For Catching Fire, I’m sorely tempted to copy and paste much of the tag-team review that Will and I did last year for the original Hunger Games. The reason is simple: Catching Fire is so familiar because it almost plays like a remake of the first film. Incoming director Francis Lawrence (Water for Elephants) ably mimics the work done by Gary Ross, with his main stamp as the man behind the wheel being his tendency to use less shaky cam than his esteemed forebear.
On one hand, this gives the film a degree of predictability that prevents it from being truly new. On the other however, its look and tone firmly root proceedings in the same world: the nation of Panem. So it is that watching Catching Fire is like sitting down with an old friend. It’s fortunate then that this is one friend that’s grown a good deal smarter since last we met.
Indeed, Catching Fire picks up in the aftermath of Katniss and Peeta’s joint win of the 74th Annual Hunger Games – a gladiatorial battle to death enforced by the Capitol against its subservient Districts, where normally only one ‘Tribute’ can come out alive. By appearing to defy the Capitol in the previous games, Katniss (Jennifer Lawrence) has inadvertently become a symbol of hope for those who would rebel against President Snow (Donald Sutherland) and his city of excess.
Sutherland is given much more to do this time than before, and the story is richer for it. President Snow comes across as a dangerous and despotic figure, and his plain-talking threats to Katniss make him a villain to fear. His challenge is for Katniss to quell the fires of rebellion by convincing the people of Panem that her act of defiance with Peeta (Josh Hutcherson) in the last Hunger Games was really a final, desperate act by star-crossed lovers and nothing more.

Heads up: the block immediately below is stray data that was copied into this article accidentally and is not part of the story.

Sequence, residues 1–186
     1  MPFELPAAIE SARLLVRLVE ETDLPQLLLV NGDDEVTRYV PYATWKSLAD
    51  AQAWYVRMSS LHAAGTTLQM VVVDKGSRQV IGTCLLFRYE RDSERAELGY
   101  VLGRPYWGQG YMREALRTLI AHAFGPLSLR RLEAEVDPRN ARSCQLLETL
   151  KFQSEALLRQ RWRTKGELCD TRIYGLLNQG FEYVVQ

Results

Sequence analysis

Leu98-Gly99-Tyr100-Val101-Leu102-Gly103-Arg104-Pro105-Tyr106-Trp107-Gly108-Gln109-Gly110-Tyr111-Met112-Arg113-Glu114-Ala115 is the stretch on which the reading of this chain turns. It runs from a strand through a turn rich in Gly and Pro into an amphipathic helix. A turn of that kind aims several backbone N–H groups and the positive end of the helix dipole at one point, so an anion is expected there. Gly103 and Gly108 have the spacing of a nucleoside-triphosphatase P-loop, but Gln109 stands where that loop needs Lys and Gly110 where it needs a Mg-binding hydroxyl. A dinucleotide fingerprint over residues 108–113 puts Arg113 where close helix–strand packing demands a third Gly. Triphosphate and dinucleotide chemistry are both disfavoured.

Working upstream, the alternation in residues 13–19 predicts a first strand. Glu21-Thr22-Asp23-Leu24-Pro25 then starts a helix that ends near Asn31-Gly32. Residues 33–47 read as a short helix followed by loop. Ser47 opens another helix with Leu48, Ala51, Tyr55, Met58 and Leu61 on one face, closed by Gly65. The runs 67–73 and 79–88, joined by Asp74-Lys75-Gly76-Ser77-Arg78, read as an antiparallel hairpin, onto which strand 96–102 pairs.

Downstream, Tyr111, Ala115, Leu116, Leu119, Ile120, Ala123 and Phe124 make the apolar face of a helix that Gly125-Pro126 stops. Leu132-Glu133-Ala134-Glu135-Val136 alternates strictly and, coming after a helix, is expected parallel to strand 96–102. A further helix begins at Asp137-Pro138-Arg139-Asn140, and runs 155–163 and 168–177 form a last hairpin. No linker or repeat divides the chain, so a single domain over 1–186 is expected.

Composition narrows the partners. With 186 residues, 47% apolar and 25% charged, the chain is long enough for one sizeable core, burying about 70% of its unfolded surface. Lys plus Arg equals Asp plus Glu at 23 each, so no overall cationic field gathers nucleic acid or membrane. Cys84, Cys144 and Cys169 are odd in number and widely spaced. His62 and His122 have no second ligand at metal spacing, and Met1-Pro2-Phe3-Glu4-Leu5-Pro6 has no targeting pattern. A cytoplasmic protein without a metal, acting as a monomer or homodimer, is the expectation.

The first half of the movie is therefore fairly political, filled with engaging character arcs for all players. Jennifer Lawrence steals the show as the headstrong but still vulnerable Katniss, and continues to prove why she’s the second-youngest to win the Academy Award for Best Actress. The latter half of the picture however reorients itself with the 75th Annual Hunger Games, also known as the third Quarter Quell.
A ‘wrinkle’ taken advantage of by new Gamemaker Plutarch Heavensbee (Philip Seymour Hoffman), sees the rules change: all Tributes to participate in the games will be reaped from the pool of past winners. Consequently, Katniss and Peeta yet again enter the arena – although there’s a different air to the event that alters its role and significance. Sadly, it all culminates in a rushed and anticlimactic cliffhanger, which is a bit of a disappointment. That said, it’s a testament to the strength of these characters and the powerful, emotion-driven story that I’m more excited for the series’ future after seeing Katniss and Panem’s state at the end of Catching Fire. May the odds be ever in Mockinjay‘s favour!
Catching Fire is every bit as good as the original, balancing familiarity and predictability with richer storytelling.